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The Idiot

Chapter 15
Katia, the maid-servant, made her appearance, terribly frightened.
"Goodness knows what it means, ma'am," she said. "There is a whole collection of men
come--all tipsy--and want to see you. They say that 'it's Rogojin, and she knows all
about it.'"
"It's all right, Katia, let them all in at once."
"Surely not ALL, ma'am? They seem so disorderly--it's dreadful to see them."
"Yes ALL, Katia, all--every one of them. Let them in, or they'll come in whether you like
or no. Listen! what a noise they are making! Perhaps you are offended, gentlemen, that
I should receive such guests in your presence? I am very sorry, and ask your
forgiveness, but it cannot be helped--and I should be very grateful if you could all stay
and witness this climax. However, just as you please, of course."
The guests exchanged glances; they were annoyed and bewildered by the episode; but
it was clear enough that all this had been pre- arranged and expected by Nastasia
Philipovna, and that there was no use in trying to stop her now--for she was little short
of insane.
Besides, they were naturally inquisitive to see what was to happen. There was nobody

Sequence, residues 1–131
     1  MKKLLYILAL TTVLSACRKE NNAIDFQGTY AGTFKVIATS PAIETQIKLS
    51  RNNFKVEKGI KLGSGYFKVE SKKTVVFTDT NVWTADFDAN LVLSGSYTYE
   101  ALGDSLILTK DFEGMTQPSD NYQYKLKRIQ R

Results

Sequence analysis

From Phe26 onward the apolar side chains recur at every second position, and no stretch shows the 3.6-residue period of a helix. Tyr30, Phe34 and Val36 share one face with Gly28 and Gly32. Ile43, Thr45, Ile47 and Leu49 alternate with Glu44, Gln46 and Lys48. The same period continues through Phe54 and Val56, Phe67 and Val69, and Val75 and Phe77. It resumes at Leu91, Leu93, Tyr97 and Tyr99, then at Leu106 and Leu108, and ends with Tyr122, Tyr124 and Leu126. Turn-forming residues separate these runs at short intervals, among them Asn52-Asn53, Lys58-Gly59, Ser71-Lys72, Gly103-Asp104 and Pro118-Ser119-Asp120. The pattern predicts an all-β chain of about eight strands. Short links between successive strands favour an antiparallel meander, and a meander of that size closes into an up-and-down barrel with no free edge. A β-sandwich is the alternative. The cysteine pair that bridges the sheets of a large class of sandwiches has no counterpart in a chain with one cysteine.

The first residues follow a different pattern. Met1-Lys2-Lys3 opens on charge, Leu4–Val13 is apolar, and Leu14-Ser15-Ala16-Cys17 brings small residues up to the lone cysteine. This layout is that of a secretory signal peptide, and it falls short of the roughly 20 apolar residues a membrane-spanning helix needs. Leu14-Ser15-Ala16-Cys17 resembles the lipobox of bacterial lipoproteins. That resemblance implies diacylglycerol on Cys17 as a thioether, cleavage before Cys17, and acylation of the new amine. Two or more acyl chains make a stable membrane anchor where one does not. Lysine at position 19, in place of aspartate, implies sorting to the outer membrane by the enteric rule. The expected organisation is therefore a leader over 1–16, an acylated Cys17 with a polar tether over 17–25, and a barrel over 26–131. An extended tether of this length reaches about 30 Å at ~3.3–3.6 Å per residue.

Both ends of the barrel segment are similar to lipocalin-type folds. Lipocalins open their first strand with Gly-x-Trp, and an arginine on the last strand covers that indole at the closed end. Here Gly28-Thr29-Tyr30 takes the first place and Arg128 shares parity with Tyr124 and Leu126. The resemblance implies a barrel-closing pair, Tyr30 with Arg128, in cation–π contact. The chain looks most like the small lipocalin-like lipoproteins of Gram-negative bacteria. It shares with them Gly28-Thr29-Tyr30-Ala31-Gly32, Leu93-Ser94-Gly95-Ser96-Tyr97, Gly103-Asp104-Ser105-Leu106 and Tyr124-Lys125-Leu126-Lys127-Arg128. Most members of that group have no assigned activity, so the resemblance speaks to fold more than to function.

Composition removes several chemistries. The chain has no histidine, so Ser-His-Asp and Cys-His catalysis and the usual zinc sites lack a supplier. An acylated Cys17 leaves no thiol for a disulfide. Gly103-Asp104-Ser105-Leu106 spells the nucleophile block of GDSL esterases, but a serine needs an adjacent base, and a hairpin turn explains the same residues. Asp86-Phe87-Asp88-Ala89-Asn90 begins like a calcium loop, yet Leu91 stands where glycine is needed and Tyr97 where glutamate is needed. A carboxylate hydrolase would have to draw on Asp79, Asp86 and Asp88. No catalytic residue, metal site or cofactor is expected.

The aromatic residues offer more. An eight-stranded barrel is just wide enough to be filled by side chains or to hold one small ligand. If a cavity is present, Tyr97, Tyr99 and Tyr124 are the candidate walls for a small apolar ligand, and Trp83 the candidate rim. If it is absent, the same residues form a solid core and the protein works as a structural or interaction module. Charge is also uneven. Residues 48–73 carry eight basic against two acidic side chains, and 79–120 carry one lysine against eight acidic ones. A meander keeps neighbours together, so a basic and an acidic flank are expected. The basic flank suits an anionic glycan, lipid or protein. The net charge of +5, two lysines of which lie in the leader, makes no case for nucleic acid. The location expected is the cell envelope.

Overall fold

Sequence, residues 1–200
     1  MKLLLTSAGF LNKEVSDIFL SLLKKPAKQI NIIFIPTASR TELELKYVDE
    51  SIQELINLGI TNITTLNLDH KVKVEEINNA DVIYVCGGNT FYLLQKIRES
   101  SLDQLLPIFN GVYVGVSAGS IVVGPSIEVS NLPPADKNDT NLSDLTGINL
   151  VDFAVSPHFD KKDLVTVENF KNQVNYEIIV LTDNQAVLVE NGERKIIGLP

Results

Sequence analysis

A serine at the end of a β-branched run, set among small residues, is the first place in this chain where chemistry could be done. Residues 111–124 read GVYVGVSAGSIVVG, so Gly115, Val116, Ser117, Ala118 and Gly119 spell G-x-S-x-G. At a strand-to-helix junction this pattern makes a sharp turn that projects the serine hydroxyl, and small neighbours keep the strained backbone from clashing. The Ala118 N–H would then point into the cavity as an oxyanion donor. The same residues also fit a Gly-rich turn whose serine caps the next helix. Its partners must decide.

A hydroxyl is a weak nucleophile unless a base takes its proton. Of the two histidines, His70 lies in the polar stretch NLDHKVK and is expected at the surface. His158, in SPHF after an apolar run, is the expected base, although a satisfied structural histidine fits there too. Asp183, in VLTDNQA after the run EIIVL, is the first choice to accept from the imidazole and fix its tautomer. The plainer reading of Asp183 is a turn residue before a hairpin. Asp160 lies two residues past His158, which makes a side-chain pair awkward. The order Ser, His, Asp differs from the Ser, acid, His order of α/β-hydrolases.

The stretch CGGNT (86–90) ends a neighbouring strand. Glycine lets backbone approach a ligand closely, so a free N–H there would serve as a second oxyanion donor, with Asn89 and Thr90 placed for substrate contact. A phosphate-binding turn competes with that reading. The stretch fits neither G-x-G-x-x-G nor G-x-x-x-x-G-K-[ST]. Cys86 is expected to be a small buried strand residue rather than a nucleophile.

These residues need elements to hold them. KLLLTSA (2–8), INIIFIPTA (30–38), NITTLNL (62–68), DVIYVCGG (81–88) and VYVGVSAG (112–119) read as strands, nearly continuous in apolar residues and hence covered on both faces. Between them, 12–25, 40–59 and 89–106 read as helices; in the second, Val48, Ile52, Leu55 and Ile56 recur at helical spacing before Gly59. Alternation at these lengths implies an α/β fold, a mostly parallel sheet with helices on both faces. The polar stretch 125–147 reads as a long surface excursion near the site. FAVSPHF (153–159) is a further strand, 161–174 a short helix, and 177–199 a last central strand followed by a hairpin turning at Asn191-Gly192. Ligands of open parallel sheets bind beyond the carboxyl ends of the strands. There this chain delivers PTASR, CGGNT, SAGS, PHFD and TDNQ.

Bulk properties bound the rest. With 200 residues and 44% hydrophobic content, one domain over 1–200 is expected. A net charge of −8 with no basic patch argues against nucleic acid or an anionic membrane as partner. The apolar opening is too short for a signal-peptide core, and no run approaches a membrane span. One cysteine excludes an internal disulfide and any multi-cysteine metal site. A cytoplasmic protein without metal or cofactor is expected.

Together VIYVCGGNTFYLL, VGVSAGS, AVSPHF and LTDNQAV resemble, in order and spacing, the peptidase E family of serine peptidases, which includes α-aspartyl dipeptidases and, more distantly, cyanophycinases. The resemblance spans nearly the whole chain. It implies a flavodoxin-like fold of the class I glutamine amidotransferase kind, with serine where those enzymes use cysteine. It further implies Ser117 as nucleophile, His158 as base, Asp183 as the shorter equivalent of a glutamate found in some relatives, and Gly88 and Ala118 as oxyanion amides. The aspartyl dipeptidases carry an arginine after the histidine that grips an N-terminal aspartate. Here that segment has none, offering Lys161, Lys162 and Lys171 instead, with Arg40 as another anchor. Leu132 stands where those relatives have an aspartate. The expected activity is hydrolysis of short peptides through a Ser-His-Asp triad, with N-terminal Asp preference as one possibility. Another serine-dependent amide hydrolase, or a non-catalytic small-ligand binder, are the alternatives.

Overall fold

who would be likely to feel much alarm. There were but two ladies present; one of
whom was the lively actress, who was not easily frightened, and the other the silent
German beauty who, it turned out, did not understand a word of Russian, and seemed
to be as stupid as she was lovely.
Her acquaintances invited her to their "At Homes" because she was so decorative. She
was exhibited to their guests like a valuable picture, or vase, or statue, or firescreen. As
for the men, Ptitsin was one of Rogojin's friends; Ferdishenko was as much at home as
a fish in the sea, Gania, not yet recovered from his amazement, appeared to be chained
to a pillory. The old professor did not in the least understand what was happening; but
when he noticed how extremely agitated the mistress of the house, and her friends,
seemed, he nearly wept, and trembled with fright: but he would rather have died than
leave Nastasia Philipovna at such a crisis, for he loved her as if she were his own
granddaughter. Afanasy Ivanovitch greatly disliked having anything to do with the affair,
but he was too much interested to leave, in spite of the mad turn things had taken; and
a few words that had dropped from the lips of Nastasia puzzled him so much, that he
felt he could not go without an explanation. He resolved therefore, to see it out, and to
adopt the attitude of silent spectator, as most suited to his dignity. Genera Epanchin
 
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